Monkey Group, 1902-06.
Rhesus Male, 1934-36.
Rhesus Monkeys (one scratching the other), 1934-36.
Ring-tailed Monkeys “Hymn of Hate”, 1936.
Anna Hyatt Huntington’s Monkey Sculptures
By Julia Wolkoff
As the daughter of noted paleontologist Alpheus Hyatt, Anna Vaughn Hyatt Huntington developed an affinity for animals early in her life. She subsequently gained an extensive knowledge of animal anatomy and behavior. After moving to New York City with her mother in 1902, Hyatt Huntington studied at the Art Students League under sculptors George Grey Barnard, Hermon MacNeil, and Gutzon Borglum, all of whom included animals in their repertoires. She soon left her formal instruction in order to work independently and to directly observe her animal subjects. She spent much of her time at the then-recently opened Bronx Zoo, formerly known as the New York Zoological Park, where she participated in their Artist Residency Program
At the zoo, Hyatt Huntington developed a particular fascination with monkeys, which she sculpted many times throughout her long career. Officially named the Primates’ House upon its opening in 1901, the Beaux-Arts building lined the zoo’s central Astor Court along with the Ape, Lion and Elephant Houses. Accorded landmark status, the Monkey House was the oldest building at the zoo still used for its original purpose, second only to the Reptile House. The Bronx Zoo’s historic Monkey House recently closed in February 2012 after a 111-year run.
Monkeys and apes have always been a favorite at the zoo. The Monkey House was home to several monkey “celebrities.” Baldy the chimpanzee was captured in the Congo at age four. He became the star attraction at the Monkey House from 1907 until his death in 1914. In June 1910 The New York Times reported that Baldy, “dean of the monkey house,” had learned to roller skate. Baldy became so famous that when President Taft visited the zoo in 1911, he specifically requested to meet the chimp and even shook his hand. A second female chimp, Susie, impressed the President with her ability to distinguish colors by their names. Perhaps the sorriest moment in the zoo’s history was in 1906, when the zoo exhibited a Congolese pygmy named Ota Benga, who wrestled with an orangutan in a cage in the Monkey House for visitors’ amusement.
During this period, monkeys in popular culture were heavily anthropomorphized. Charles Darwin’s Origin of Species, published in 1859—fewer than twenty years before Huntington was born—made explicit the kinship between man and ape. The Bronx zoo, notably, published postcards featuring chimps and orangutans dining at set tables, wearing human clothing and typing at a typewriter. For an animalier like Huntington, primates were the nearest equivalent to the human form, and the monkey proved a particularly useful subject for a sculptor because of its expressive and compositional range.
An early example of Huntington’s exploration of the monkey genre is the bronze plaque, Monkey Group, produced 1902-1906. Two chimpanzees are caught in a moment of repose, languidly lounging atop a rock. The chimp on the left reclines with an arm encircling the rock, closely resembling a human reclining on a couch. His companion reaches an arm over the former’s leg, resting his chin on the first monkey’s belly. These monkeys are approachable and personable. This plaque contrasts with the ferocity of many other animals she modeled at the zoo. Huntington’s jaguar sculptures paw aggressively towards unseen prey, bulls lock horns, and butting goat heads collide.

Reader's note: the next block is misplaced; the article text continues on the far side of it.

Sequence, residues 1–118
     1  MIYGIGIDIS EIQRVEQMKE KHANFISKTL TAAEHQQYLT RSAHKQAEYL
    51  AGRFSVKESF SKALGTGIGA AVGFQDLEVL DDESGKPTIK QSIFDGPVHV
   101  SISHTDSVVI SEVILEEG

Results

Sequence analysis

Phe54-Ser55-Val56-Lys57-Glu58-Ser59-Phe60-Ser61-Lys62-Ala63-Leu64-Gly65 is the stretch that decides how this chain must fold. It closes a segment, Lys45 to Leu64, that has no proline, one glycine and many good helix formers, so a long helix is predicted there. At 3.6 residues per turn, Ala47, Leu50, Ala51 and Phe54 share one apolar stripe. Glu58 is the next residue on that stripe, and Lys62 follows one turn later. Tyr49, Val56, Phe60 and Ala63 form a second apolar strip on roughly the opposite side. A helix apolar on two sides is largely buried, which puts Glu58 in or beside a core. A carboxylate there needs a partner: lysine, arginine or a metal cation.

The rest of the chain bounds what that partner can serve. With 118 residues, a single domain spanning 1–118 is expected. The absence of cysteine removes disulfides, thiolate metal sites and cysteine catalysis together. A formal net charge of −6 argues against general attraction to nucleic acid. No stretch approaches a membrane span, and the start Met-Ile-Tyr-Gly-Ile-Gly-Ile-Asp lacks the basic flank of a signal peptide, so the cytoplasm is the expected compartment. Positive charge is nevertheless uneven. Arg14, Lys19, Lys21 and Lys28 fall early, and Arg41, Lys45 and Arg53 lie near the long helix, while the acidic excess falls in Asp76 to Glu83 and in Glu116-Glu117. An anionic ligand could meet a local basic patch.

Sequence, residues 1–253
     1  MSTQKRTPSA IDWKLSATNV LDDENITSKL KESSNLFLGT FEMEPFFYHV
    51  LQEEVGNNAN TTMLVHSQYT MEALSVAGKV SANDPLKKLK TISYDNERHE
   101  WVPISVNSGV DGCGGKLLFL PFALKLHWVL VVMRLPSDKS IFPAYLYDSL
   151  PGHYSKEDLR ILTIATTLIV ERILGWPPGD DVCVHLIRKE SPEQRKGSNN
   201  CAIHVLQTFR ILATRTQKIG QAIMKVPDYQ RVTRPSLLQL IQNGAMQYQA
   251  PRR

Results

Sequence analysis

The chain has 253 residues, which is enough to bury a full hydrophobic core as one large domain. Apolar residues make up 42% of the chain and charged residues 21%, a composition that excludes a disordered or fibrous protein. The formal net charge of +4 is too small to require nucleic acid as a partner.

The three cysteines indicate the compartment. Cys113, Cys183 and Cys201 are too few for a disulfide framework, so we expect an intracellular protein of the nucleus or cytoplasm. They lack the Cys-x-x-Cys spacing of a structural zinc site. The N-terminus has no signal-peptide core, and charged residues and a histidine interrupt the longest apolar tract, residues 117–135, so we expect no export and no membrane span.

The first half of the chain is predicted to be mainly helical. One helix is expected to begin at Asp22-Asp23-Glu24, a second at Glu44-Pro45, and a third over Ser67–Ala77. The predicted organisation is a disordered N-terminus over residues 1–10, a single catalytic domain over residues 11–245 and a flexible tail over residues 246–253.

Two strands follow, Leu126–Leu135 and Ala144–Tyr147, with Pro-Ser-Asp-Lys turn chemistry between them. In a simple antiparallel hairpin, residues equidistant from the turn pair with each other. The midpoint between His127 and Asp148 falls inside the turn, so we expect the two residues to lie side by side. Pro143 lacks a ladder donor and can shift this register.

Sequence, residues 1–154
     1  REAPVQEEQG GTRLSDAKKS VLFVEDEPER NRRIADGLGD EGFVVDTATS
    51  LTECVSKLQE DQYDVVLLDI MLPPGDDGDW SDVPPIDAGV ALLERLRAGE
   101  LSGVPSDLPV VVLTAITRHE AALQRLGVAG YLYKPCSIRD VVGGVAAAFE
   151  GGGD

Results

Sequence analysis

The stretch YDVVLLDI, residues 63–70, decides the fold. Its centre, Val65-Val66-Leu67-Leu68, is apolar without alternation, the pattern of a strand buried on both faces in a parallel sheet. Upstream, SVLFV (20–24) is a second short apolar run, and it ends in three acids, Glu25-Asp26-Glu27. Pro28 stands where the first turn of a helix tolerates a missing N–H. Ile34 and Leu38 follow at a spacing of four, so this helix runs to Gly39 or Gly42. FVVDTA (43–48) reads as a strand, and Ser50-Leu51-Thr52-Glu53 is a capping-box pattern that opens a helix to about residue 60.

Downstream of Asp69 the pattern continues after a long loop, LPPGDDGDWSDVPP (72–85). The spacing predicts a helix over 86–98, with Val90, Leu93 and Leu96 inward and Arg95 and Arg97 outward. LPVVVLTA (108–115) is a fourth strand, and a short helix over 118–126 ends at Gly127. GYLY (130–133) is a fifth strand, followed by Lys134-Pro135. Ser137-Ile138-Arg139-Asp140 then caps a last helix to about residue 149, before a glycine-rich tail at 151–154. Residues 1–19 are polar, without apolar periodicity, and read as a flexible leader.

After recovering from a long bout of tuberculosis, Huntington resumed work, creating a new monkey series in preparation for a retrospective exhibition of her work presented by the American Academy of Arts and Letters in New York in 1936. The exhibition toured the United States through 1939. Rhesus Monkeys (one scratching the other) (1934–36) portrays more active primates than those depicted in her early monkey plaque. The rambunctious Rhesus Male (1934-36) smiles contentedly as he twists to scratch behind an ear. The small sculpture captures the childlike nature of the animal. His detailed coat endears the viewer to embrace the lifelike creature. Rhesus Monkeys (one scratching the other) portrays the dignified companionship of monkeys. The symbiotic relationship is extremely tender, evocative of a human couple. The arms and legs of the monkeys create a circlular composition, intimately connecting the pair.
Huntington also realized the potential for primates to represent allegorical themes. Ring-tailed Monkeys "Hymn of Hate" (1936) departs from her earlier depictions of friendly monkeys in favor of a fiercer side. As one wiry monkey grabs a submissive counterpart by the neck, the two open their mouths to cry out. Their titular ring tails curlicue and meet and their elongated toes curl over the edges of the sculpture’s base. The long-legged stature of the aggressor closely imitates the bipedal human stance. Similarly, Domestic Trouble (1938), anthropomorphizes another pair of ring-tailed monkeys grabbing each other by the wrists and hair, grappling in another circular composition. The animals scream and scowl at each other, not unlike a couple in a rather intense lover’s spat. Huntington depicts monkeys acting like humans to slyly poke fun at humans who act like monkeys.
In 1939 Huntington and her husband, Archer M. Huntington, donated their Fifth Avenue townhouse to the National Academy of Design and moved into Rocas, an estate located in Haverstraw, New York. There, Huntington was able to acquire her very own zoo. Featuring bears, wolves, wild boars, and of course, monkeys, the zoo allowed this prolific animalier to continue her passion for animal sculpture, as ever, on her own terms.